NEW YORK, United States – Brooke Langstaff, 41, never agonised over skin care products. She bought whatever she could find at her local drugstore, usually from labels like Aveeno, Neutrogena and Clean & Clear.
Then the pandemic hit. With dry skin and nowhere to go, Langstaff splurged on Tatcha’s $68 “Dewy” cream because Jeffree Star recommended it. The richly textured moisturiser, lavender coloured like the antioxidant-packed Japanese purple rice it’s made from, comes in a jar of the same shade, emblazoned with the brand’s gold logo and crest. A miniature gold spoon for application is held in place by a gold loop on the cap.
“Since having that gold spoon I am spoiled,” Langstaff said. “There are other Tatcha products that don’t have it, and I’m like ‘Uh, I have to dip my pinky or nail into it?’”
Langstaff said she won’t go back to drugstore skincare – even though a 1.7-oz. jar of Tatcha is 13 times more expensive than a 2.5-oz. tube of Aveeno moisturising lotion.
Langstaff is going against the prevailing trend in beauty, where brands that market themselves as cheaper than luxury products, but just as effective, have seen their popularity soar. The internet has made it possible for consumers to compare ingredients across brands, and social media accounts gleefully note when there’s little separating prestige products from their drugstore counterparts other than an extra $50 a bottle.
Comparison shopping has ramped up during the pandemic, as consumers stuck at home shifted spending from makeup to skin care and social media tutorials became an even more popular way to pass the time. The ingredient-first approach of many influencers has driven much of these new skin care purchases, a departure from the brand-first approach that led for decades. Brands like CeraVe, The Ordinary and The Inkey List have benefitted.
This is a problem for prestige beauty labels – which now see brands like The Ordinary, which counts a $7.20 AHA 30% + BHA 2% Peeling Solution as a bestseller – as a “key competitor,” said Marjolein Jonker, a manager in the consumer practice of Kearney, a management consulting firm.
“My clients now really track these mass brands,” Jonker said. “A few years ago that would have not even been a topic.”
For Shanna Warner, a 41-year-old office manager at an environmental engineering firm in Greensboro, N.C., it’s going to take more than a gold spoon to get her to pay prestige prices for skin care. She swears by The Ordinary and Good Molecules, which sell various serums, from hyaluronic acids to vitamin Cs to niacinamide, for as little as $6.
So what would it take for her to buy a higher-end skin care item at full price?
For starters, she said she’d like to see prestige brands follow The Ordinary’s lead and put the concentration and percentage of active ingredients on the packaging.
“I can’t tell how much vitamin C is in there,” she said, referring to one brand’s $74 serum. “When I finish my sample bottle I won’t be replenishing it.”
Luxury labels have to adapt to a new reality where customers are turning to drugstore brands and mixing high and low. The middle of the prestige market is the most affected, according to Jonker. A person who typically bought $65 moisturiser is more likely to trade down to a drugstore brand if the formulas are comparable. A La Mer customer who just bought the line’s newest product, a $650 concentrate, is less concerned about price.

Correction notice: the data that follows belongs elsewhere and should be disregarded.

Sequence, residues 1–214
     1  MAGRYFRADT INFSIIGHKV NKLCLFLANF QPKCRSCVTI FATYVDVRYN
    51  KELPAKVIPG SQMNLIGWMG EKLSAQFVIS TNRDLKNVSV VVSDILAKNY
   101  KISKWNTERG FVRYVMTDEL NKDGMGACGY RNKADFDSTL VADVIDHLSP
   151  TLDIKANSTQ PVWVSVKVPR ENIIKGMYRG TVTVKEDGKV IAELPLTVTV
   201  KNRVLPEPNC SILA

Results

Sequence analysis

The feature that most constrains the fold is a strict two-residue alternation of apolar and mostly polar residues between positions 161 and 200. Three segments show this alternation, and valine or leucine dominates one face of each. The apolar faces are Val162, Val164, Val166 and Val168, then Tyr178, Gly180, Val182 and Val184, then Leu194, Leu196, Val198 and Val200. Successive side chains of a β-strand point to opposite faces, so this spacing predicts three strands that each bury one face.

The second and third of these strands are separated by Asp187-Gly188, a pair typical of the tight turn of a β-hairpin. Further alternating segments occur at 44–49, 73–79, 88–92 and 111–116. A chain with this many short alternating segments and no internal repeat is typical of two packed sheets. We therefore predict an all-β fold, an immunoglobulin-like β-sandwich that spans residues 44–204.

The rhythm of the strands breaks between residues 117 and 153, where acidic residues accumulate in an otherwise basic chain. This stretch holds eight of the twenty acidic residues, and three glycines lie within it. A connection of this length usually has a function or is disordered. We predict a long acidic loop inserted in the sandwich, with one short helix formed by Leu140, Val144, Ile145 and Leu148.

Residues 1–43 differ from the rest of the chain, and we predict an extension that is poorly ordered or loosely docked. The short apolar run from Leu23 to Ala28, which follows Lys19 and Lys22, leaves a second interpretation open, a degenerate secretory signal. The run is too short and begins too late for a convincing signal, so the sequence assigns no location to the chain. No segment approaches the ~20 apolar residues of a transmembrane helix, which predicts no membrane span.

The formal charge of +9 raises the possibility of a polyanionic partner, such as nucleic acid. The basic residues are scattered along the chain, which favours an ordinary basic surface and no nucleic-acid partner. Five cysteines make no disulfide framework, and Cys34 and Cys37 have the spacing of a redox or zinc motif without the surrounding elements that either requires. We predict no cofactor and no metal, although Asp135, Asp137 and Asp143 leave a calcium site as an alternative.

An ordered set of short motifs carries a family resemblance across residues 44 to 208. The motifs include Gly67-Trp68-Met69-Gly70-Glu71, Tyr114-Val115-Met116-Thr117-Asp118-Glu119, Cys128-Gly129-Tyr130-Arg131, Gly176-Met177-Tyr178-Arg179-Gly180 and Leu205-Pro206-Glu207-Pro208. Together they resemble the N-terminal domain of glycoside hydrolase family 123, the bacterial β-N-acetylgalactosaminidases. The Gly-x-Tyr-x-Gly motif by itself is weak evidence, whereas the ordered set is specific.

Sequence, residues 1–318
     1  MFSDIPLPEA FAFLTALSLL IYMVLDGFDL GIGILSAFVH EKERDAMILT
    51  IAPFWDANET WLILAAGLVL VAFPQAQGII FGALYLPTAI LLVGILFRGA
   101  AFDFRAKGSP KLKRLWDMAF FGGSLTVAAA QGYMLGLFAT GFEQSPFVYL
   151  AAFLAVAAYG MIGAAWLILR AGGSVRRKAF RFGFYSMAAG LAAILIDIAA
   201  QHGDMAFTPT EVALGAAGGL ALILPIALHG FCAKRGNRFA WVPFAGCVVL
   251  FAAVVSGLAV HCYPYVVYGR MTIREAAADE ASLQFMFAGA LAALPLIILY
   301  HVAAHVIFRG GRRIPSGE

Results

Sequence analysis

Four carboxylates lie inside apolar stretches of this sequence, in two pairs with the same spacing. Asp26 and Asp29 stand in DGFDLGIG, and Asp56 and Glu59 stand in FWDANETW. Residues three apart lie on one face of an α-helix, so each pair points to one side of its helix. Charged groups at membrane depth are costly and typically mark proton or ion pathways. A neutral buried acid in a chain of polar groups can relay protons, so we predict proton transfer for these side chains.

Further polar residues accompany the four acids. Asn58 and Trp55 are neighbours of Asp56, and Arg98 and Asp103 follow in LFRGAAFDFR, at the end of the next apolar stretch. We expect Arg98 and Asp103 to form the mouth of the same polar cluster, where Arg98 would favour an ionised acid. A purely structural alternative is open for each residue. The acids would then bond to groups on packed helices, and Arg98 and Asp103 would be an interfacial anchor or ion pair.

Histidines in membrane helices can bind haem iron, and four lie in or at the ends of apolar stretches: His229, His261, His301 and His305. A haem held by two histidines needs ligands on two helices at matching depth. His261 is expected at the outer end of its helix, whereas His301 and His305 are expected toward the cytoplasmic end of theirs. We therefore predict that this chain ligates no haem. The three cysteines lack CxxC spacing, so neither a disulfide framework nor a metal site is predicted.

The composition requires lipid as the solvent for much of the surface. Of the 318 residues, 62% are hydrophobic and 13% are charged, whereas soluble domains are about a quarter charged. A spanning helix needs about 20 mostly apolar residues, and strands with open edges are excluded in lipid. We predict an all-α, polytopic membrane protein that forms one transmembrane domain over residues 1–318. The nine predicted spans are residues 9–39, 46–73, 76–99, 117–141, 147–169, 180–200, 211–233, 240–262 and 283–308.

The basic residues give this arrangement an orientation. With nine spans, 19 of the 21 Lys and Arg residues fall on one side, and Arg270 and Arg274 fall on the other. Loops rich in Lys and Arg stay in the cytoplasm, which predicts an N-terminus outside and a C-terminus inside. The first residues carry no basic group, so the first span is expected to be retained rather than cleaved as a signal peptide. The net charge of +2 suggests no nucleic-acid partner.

“Luxury brands are still there and have a legacy, but they’re slightly threatened by the fact that the consumer is more sophisticated and really wants to understand the reason why they need to pay a premium,” said Charles Rosier, co-founder and chief executive of Augustinus Bader Skincare, best known for The Cream, which sells for $265 each.
For prestige players, launching a product looks very different than it did even three years ago. The over the top packaging and expensive assets and advertising tactics once key to launches have been replaced by more “real” user-generated content, lighter marketing budgets and value-driven products with active ingredients at the top of the list.
In the absence of high-touch, in-person shopping, Jonker suggested prestige labels capitalise on aspects of the online experience that differentiate from mass offerings, like personalised virtual consultations and ornate gifting and packaging options.
“The Ordinary is still very much just a brand.com where you buy your products and that’s it,” Jonker said.
Pretty websites and gold spoons elevate the experience. New products that promise never-before-seen benefits work even better.
Product innovation is how Augustinus Bader Skincare gets people to keep buying its The Cream, in regular and rich versions. The brand relies on the research of its co-founder, Augustinus Bader, director and professor of Applied Stem Cell biology and cell technology at the University of Leipzig in Germany, to justify its prices. The brand released six products during Covid, including an exfoliator, $85, a face oil, $230, and a cleansing gel, $65.
“You can see hyaluronic acid serums sold by brands for $200 or $300 – and you have The Ordinary selling the same serum, the same ingredient in the nice bottle for $10,” said Rosier. “I understand that a savvy consumer may buy the one from The Ordinary.”
Learnings from a complex Bader developed to treat burn victims without surgery or skin grafts in 2007 were adapted for commercial skin care – and to help fund his future research. Rosier explained that the company charges a premium because of the 30 years Bader himself spent researching in the field, plus the cost of certain ingredients.
“Skincare is much less a story about celebrity or trying to sell something for 10 times the price,” Rosier said. “You can no longer build a long term, sustainable business and require a premium from the consumer if there is not a clear reason.”
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